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COVID-19 VACCINES

Switzerland to start dual-strain Covid boosters in October

The long-awaited second booster shots will be rolled in Switzerland from October 10th, the Health Ministry announced on Friday.

Switzerland to start dual-strain Covid boosters in October

Less than two weeks after drug regulator Swissmedic approved the new version of the Moderna vaccine, which should better target certain sub-variants of Omicron, the Federal Office of Public Health (FOPH) said on Friday the shots will be available to some groups of the population from October 10th.

“The vaccination recommendation for autumn 2022 aims primarily to protect vulnerable people against a severe form of the disease. On the one hand, people aged 65 or over, and on the other hand, those aged 16 to 64 with an increased risk, for example due to a pre-existing disease or pregnancy”; FOPH said in a statement on Friday.

After that, those “aged 16 to 64, without risk factors and who work in acute and long-term care, or who care for vulnerable people in a professional or private capacity” will be eligible for the shots, FOPH said.Health officials noted that while the number of Covid infection is currently “relatively low, an increase in transmissions of the virus is expected from the fall of 2022. The risk of contracting Covid-19 and the burden for the health system could therefore increase again”.

It added, however, that “the situation differs markedly from that of the last two winters; currently, 97 percent of the population have antibodies against Covid following vaccination or recovery. “People without risk factors are unlikely to develop severe symptoms this fall”.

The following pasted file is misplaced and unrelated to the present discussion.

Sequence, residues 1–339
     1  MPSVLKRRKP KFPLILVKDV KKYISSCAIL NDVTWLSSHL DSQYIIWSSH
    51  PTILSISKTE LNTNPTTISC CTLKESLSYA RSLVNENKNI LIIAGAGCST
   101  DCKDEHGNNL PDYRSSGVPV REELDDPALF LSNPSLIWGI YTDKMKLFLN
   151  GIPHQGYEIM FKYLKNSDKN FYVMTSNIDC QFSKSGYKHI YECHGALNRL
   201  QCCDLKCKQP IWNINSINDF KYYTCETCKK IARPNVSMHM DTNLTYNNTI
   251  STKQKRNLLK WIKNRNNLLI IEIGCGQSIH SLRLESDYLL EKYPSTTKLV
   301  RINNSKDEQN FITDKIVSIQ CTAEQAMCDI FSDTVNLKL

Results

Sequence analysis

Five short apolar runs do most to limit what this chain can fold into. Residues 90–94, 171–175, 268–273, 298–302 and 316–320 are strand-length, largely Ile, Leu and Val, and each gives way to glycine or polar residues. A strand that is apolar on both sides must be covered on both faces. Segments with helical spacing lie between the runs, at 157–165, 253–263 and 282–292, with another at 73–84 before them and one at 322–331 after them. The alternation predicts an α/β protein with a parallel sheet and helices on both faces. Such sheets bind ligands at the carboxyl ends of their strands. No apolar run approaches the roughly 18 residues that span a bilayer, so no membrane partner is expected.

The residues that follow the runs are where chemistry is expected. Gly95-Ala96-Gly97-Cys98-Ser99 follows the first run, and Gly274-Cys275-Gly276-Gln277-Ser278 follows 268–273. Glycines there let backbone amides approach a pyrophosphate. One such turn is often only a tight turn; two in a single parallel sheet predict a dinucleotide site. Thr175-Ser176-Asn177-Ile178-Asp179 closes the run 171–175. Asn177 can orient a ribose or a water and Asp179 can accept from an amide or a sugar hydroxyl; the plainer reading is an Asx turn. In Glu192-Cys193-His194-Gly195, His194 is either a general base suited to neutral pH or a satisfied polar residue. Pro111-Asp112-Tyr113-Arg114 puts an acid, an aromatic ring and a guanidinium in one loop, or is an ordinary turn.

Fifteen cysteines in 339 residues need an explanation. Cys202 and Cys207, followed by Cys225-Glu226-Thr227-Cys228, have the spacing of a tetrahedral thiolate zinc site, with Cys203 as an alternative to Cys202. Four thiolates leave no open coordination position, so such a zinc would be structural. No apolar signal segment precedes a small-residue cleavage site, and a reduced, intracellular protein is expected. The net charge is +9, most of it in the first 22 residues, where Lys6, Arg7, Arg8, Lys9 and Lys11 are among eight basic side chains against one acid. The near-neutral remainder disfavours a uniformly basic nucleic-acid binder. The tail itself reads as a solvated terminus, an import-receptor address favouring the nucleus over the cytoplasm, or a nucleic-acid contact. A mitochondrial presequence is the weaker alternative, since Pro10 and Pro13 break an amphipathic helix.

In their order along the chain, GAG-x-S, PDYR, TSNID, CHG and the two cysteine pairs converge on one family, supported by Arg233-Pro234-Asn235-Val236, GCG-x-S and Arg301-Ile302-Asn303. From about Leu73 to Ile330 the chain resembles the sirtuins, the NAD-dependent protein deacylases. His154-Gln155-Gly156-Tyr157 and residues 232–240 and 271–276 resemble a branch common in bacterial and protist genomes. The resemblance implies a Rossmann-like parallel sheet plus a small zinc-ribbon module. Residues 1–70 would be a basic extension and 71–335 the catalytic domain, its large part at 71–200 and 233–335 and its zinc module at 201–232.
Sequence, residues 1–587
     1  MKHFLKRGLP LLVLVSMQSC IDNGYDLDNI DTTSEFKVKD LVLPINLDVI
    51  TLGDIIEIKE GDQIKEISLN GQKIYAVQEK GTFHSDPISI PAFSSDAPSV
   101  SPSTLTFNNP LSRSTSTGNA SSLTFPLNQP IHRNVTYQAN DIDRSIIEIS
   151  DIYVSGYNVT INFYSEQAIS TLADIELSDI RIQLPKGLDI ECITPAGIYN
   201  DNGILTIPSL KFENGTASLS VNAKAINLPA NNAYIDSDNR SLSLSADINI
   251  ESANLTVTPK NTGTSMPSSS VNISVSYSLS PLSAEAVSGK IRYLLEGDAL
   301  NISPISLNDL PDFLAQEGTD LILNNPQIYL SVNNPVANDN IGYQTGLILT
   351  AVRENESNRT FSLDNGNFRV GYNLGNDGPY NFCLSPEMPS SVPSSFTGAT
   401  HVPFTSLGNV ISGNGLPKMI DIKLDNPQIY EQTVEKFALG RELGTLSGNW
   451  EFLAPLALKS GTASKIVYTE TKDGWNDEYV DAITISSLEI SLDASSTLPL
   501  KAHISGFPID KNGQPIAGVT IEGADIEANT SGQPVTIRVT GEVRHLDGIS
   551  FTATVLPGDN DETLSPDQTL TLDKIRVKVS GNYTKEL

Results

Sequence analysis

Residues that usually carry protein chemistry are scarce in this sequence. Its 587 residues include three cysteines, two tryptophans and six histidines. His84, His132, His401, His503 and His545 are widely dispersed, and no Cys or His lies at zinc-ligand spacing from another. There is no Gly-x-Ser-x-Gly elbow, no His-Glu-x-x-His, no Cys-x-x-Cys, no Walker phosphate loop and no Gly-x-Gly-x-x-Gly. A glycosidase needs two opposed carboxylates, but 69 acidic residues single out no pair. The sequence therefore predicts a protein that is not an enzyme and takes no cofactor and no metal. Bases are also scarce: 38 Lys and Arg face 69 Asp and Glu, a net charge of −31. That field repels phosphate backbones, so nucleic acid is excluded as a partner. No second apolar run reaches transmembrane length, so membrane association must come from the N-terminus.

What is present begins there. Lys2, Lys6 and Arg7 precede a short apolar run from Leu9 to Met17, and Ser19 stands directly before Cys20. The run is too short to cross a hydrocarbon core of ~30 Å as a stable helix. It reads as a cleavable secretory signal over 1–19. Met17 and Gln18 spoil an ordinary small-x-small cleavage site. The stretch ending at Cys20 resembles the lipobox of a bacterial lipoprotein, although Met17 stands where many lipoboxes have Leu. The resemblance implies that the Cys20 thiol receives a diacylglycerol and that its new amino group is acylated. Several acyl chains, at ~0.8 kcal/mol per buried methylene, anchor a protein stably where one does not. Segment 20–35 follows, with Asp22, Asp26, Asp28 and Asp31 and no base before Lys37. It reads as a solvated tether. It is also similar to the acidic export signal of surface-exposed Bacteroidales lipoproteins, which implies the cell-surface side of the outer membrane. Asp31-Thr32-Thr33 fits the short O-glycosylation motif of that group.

Dual-strain vaccine

In recent trials, the new Moderna vaccine demonstrated “higher antibody concentrations against the Omicron variants” than the manufacturer’s original Covid vaccine, Swissmedic said.

The previous vaccine was effective against early strains, like Alpha and Delta, offering no immunity against Omicron or its sub-variants, which are currently responsible for all the coronavirus infections detected in Switzerland.

“Compared to the original vaccine, trials have shown that this [vaccine] produces a stronger immune response against the Omicron variants BA.1 and BA.4/5″, Swissmedic said, adding that the new vaccine remains as effective as its predecessor against the original Covid viruses.

Additionally, “a careful review of the application documents submitted on an ongoing basis showed that the vaccine meets the safety, efficacy and quality requirements », the agency noted.

Also, in terms of secondary effects, they are expected to be “similar” to those following administration of the second dose and the first the booster of the original vaccine: fever, muscle pains, and headaches.

According to FOPH, “the bivalent mRNA vaccines, which are tailored to the Omicron BA.1 variant, should be preferred for booster vaccination. However, it is still possible to use the current monovalent mRNA vaccine”.

Additionally, protein-based Nuvaxovid doses will also be available.

READ MORE: BREAKING: Switzerland approves new Covid-19 boosters